The Gothenburg Lise Meitner Award is awarded by the Gothenburg Physics Centre to a scientist who made a breakthrough discovery in physics. The award was established in 2006 by the Department of Physics at University of Gothenburg and holds the honor, a monetary prize of EUR 3000 and a piece of art. In conjunction with the award ceremony the laureate holds a lecture, in memory of the nuclear physicist Lise Meitner.
Lise Meitner was a researcher in Berlin from 1907 to 1938, when she was forced to flee to Sweden, where she came to work for 20 years. As a woman she was initially not allowed in the laboratories where men worked and later she had a hard time getting a regular academic position. With these qualifications, she was still one of the leading nuclear physicists in the world. After her escape to Sweden, she was the first to understand nuclear fission when she during a stay in Kungälv Christmas in 1938 , along with her nephew Otto Frisch, could explain the results that Otto Hahn, her colleague in Berlin, sent her.
The Gothenburg Lise Meitner Award is not only about awarding well merited physisists, but also to enrich the scientific environment in Gothenburg.
The next award ceremony will take place in September 2020. In connection with the award ceremony, the laureate will hold a lecture in honour of the Austrian-Swedish physicist Lise Meitner.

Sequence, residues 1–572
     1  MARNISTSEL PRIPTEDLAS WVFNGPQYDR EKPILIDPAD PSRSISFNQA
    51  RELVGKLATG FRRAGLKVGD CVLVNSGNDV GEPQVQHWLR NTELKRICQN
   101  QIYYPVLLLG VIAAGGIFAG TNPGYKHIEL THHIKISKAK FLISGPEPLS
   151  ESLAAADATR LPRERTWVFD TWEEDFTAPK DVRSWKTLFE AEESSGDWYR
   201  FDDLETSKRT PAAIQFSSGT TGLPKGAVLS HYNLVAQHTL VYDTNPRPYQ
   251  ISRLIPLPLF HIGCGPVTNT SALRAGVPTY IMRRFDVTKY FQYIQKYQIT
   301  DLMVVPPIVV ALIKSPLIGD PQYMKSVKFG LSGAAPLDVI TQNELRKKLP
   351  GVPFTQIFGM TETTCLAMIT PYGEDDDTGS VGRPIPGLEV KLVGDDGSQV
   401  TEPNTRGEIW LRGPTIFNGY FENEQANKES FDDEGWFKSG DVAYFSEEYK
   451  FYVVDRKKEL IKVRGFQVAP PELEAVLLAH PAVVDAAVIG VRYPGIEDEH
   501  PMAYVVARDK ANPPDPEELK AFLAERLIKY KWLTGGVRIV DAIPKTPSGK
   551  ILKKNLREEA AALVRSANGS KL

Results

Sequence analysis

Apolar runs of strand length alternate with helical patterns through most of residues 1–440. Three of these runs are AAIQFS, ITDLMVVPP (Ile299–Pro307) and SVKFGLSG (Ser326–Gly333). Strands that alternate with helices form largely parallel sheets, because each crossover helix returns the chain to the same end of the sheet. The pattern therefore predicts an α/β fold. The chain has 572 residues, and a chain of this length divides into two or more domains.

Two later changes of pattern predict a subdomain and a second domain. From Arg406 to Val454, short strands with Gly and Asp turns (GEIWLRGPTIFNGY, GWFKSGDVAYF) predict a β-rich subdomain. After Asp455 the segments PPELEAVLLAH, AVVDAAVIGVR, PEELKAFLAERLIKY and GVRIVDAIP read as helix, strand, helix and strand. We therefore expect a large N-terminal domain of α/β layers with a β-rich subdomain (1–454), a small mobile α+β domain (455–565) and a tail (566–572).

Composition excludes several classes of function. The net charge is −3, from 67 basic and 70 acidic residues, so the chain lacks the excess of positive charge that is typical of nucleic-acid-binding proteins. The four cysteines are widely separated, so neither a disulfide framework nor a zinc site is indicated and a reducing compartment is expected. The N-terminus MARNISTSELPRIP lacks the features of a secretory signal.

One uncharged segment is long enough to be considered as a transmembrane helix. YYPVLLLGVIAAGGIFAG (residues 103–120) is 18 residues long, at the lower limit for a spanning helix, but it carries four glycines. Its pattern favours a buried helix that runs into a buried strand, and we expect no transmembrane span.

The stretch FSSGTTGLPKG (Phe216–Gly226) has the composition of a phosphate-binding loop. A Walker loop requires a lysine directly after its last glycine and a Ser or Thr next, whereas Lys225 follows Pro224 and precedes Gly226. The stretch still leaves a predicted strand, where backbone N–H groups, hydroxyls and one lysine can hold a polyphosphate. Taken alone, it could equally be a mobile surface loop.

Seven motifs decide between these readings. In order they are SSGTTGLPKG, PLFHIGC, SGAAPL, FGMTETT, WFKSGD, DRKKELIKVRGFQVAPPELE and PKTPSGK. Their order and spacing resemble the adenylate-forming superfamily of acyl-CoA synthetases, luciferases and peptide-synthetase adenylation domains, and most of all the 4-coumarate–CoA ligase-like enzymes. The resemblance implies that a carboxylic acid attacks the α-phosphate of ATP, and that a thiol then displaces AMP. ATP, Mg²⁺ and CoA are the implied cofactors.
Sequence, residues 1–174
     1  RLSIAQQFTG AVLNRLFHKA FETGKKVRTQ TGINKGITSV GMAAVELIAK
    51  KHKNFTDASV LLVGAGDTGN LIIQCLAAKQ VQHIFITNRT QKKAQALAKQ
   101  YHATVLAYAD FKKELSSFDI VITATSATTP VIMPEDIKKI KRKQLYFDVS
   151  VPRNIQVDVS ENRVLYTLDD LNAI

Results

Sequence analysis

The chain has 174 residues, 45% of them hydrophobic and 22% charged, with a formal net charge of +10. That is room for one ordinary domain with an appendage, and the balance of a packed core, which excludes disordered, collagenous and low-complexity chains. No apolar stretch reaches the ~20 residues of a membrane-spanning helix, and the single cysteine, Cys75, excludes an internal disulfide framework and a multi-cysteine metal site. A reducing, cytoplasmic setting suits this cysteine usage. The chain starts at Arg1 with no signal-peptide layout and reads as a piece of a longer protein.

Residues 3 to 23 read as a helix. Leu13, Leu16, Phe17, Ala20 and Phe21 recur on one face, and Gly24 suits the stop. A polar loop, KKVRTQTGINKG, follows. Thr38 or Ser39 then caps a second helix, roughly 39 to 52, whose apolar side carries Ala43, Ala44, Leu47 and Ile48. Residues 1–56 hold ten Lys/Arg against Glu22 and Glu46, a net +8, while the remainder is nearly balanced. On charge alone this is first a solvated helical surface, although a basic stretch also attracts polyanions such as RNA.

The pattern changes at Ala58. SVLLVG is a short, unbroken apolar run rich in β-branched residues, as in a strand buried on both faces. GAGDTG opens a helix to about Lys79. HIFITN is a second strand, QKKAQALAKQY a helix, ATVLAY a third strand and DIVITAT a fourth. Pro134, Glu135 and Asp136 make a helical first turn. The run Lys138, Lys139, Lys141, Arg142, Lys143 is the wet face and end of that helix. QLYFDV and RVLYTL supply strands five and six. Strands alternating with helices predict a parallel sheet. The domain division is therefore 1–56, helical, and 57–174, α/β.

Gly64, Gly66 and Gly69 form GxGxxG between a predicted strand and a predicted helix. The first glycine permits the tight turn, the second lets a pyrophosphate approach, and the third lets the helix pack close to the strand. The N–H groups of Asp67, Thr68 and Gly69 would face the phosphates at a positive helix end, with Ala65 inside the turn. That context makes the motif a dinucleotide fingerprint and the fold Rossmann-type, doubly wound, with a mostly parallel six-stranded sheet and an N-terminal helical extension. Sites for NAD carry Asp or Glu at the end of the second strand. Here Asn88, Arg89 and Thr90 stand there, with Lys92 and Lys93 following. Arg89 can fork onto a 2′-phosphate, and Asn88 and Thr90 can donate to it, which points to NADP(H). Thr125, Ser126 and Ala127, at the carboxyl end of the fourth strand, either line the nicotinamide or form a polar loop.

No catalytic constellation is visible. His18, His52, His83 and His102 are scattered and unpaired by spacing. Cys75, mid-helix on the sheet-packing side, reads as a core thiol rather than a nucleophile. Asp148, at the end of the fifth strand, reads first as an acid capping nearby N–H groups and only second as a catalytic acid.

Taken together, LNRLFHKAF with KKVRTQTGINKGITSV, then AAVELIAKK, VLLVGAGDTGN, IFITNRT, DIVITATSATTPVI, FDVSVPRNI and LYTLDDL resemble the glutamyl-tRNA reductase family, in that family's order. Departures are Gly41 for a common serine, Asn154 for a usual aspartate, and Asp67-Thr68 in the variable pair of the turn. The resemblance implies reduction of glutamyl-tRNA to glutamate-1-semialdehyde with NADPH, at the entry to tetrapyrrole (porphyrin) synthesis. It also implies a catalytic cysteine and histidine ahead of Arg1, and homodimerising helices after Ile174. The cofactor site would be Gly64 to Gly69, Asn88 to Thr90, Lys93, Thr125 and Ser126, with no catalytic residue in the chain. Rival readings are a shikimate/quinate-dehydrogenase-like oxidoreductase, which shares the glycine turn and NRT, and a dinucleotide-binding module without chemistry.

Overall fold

Previous Gothenburg Lise Meitner Award Laureates
2016 Klaus Blaum
2015 Ivan Schuller
2014 Ewine F. van Dishoeck
2013 Mildred Dresselhaus
2012 Werner Nahm
2010/11 Stefan W. Hell
2009 Renata Kallosh
2008 I. K. Yanson
B. Verkin Institute for Low Temperature and Engineering, National Academy of Science of Ukraine
Award justification: "For pioneering contributions in solid state physics, which led to the first direct observation of the nonstationary Josephson effect, and discovery of Point Contact Spectroscopy of elementary excitations in solids."
2007 Pierre Ramond
University of Florida, Gainesville och Institute for Advanced Study, Princeton
Award justification: "For groundbreaking research that led to the Superstring theory"
2006 Robert Marc Friedman
Faculty of Humanities, University of Oslo
This event is supported by the municipality of Kungälv.